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TAAH Flashback (2003): Blacks Tip Less Than Whites
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I occasionally use Journalscape's JournalScan feature to see if people have commented on posts older than the past week or so. Today someone posted a comment on a 2003 entry about a study mentioned on NPR looking at tipping trends based on race.

Sometimes I wonder how people find these things, because I was unable to find the entry through Google using combinations of words from the title of the entry and/or the blog.

Anyway, sometimes it's interesting to go back and look at old entries. I think it's a pretty interesting issue, and it's also interesting to see the 41 comments piled up over time. Some of them are obviously fakes, and others are inflammatory (though I don't believe in moderating comments, except in the case of advertising).

I think there is something to the argument that it's a causal cycle: If waiters expect Blacks to tips less, they'll provide worse service, leading to lower tips. But that doesn't explain the whole picture, since data on the quality of service often showed high ratings for service still combined with lower tips. And it seems that whatever the root causes, the effects are a continuing source of racial bitterness.

I've always thought that tip-based systems, if communicated clearly to consumers, had some nice advantages. Specifically, it provided low-income service workers some level of control over their income (rather than the flat-rate minimum wage worker who has no incentive to provide anything other than baseline service). In other words, tipping should allow for a positive correlation between better service and higher wages. Sounds like a win-win, right? This assumes that everyone in the system collectively agrees to the terms, and it seems clear that's not the case. And it seems like the tipping system actually has created a dynamic which seems to be generating racial animosity.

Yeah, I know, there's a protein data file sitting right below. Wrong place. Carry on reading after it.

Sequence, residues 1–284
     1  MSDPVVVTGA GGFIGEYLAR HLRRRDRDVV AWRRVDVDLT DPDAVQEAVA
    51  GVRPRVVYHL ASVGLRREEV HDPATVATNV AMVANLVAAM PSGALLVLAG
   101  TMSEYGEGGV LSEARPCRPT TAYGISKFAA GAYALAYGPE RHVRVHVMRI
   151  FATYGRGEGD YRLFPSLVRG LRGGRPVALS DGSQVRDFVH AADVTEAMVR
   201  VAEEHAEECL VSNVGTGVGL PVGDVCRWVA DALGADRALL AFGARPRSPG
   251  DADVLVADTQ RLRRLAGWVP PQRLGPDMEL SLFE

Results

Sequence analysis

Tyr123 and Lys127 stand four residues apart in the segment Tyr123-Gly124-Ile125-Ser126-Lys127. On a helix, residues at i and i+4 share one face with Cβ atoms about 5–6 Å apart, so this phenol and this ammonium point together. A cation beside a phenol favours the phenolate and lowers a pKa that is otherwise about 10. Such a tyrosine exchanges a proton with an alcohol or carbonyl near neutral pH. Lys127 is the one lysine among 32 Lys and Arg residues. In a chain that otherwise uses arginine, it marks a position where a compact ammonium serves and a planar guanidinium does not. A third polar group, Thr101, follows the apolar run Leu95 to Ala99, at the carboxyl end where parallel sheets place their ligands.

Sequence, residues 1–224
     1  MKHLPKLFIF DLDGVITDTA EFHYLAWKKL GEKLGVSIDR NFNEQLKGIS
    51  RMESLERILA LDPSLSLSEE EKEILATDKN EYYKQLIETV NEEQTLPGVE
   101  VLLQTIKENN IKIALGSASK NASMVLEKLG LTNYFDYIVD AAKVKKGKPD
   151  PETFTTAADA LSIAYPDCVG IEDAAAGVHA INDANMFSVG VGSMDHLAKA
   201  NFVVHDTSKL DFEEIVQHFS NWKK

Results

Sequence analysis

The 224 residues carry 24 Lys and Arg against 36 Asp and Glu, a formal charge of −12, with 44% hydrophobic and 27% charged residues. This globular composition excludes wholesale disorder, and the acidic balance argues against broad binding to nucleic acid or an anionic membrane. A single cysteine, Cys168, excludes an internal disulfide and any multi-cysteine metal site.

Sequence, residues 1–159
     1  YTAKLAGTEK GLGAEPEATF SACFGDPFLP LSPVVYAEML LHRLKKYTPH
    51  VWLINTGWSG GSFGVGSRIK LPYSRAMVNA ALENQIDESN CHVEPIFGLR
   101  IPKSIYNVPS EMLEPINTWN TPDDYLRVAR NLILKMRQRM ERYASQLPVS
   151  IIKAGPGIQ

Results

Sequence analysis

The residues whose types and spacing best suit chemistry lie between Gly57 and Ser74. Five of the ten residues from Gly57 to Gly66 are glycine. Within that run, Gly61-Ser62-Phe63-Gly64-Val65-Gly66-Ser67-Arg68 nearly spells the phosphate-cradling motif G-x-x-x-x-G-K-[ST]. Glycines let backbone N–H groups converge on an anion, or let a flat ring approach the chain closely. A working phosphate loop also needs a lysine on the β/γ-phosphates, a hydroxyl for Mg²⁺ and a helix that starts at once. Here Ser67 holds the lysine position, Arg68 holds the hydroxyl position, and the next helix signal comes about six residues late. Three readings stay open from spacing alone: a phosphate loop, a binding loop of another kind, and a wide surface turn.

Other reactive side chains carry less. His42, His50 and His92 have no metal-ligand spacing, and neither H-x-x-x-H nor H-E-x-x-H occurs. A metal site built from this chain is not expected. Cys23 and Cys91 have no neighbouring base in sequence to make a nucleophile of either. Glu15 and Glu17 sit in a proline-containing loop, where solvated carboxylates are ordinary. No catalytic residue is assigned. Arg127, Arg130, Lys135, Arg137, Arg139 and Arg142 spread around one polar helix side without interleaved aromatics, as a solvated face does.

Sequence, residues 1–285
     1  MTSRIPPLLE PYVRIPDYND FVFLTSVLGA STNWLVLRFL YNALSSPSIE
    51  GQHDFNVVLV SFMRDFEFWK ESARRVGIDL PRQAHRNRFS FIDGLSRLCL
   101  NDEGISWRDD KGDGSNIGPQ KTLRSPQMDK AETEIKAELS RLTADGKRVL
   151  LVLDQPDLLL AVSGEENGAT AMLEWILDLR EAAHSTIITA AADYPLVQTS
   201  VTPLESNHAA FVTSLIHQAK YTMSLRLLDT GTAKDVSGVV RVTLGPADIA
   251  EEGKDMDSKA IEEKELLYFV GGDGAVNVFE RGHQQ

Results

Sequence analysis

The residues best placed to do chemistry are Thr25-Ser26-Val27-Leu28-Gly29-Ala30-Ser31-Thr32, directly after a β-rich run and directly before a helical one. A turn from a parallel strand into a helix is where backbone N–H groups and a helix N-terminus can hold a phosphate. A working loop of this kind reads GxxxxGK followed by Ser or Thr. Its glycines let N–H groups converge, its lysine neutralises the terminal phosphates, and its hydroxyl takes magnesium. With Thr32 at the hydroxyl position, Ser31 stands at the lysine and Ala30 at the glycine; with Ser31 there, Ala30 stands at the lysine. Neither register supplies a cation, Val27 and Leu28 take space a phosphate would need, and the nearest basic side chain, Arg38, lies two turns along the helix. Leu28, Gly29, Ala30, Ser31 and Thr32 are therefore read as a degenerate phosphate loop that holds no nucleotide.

This makes me think that it is probably a good idea to do away with tipping systems. Charge flat rates for services like valet parking, and simply roll an additional 15% into the price of food. So wouldn't that kill incentives for service providers to do well? Personally I've have always thought that profit-sharing should be in widespread use. Basically, everyone in the business gets paid a flat wage (from the dishwasher to the manager), but everyone gets a bonus based on the profits of that particular location. That would give everyone an incentive to do their jobs better, and to urge their fellow employees to perform better, and it would lend a sense of combined purpose to an otherwise crappy job.

It would also solve the problem of differential tipping. I'm not sure if any retail or fast food chains use such a system, but I think it would work well.


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